Dr. Jerry Ellig, research professor at the Trachtenberg School’s Regulatory Studies Center, passed away suddenly on Wednesday of last week. Jerry was a wonderful colleague, brilliant scholar, generous mentor, and dear friend. His friendly and upbeat personality endeared him to all who were fortunate to meet him.
As a PhD economist and an “evidence-based policy” expert long before it was a buzz phrase, Jerry’s strength was in his ability to apply economic concepts, theories, and empirical analyses in ways that could lead to tangible improvements in public policy. He authored over 70 journal articles, books, and book chapters in economics, law, public policy, public administration, and political science and regularly testified before Congress, especially on the role of economic analysis in regulatory decision-making. Further, Jerry was a wonderful mentor, and many of his peer-reviewed publications were with graduate students and more junior colleagues.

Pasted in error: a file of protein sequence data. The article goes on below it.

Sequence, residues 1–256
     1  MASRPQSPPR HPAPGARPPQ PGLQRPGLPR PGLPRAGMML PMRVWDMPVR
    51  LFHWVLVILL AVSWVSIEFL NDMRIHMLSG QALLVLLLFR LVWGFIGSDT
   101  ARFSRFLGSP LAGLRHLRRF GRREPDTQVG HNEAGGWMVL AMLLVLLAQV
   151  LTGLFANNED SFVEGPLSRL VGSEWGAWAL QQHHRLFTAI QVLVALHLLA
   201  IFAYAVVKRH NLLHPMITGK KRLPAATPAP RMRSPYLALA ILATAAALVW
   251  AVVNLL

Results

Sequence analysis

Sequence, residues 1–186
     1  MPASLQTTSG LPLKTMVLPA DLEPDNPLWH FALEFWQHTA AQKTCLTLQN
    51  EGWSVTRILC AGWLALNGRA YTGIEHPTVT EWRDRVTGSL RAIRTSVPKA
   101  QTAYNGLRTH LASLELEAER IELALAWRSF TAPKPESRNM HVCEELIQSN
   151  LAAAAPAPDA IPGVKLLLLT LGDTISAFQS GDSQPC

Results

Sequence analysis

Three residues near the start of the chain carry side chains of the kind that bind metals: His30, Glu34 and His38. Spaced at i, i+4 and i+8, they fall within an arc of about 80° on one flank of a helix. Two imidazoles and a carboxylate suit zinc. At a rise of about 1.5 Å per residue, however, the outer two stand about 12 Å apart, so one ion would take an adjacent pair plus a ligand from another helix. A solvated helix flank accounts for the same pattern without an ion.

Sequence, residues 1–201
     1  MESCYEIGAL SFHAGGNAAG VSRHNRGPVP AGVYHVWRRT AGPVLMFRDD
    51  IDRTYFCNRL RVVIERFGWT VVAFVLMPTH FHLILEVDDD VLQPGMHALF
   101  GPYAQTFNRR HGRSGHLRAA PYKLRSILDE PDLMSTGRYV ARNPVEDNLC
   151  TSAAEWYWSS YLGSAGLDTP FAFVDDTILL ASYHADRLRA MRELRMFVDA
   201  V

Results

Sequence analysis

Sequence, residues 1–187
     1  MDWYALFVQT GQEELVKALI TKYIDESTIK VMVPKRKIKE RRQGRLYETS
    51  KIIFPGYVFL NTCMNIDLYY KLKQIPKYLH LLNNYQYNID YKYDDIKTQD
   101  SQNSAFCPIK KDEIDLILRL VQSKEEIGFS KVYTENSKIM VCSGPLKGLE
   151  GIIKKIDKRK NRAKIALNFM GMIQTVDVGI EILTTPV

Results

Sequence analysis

Jerry was also a great communicator, able to take his academic work and translate it for different audiences, including through seminars, op-eds, short presentations, and classroom teaching. Perhaps for this reason, Jerry had several stints in government agencies, including serving as chief economist at the Federal Communications Commission and acting director of the Office of Policy Planning at the Federal Trade Commission, where he was able to bring his academic toolkit to solve pressing policy problems.
Most importantly, Jerry was genuinely kind, humble, and funny. He seemed to think less of his own stature than supporting the needs of others, which is part of what made him such an amazing colleague. The Trachtenberg School’s thoughts and prayers are with his family at this terribly difficult time. While we expect to share further details on ways to honor his legacy, we hope you will join us as we reflect on the positive difference he made in the lives of so many.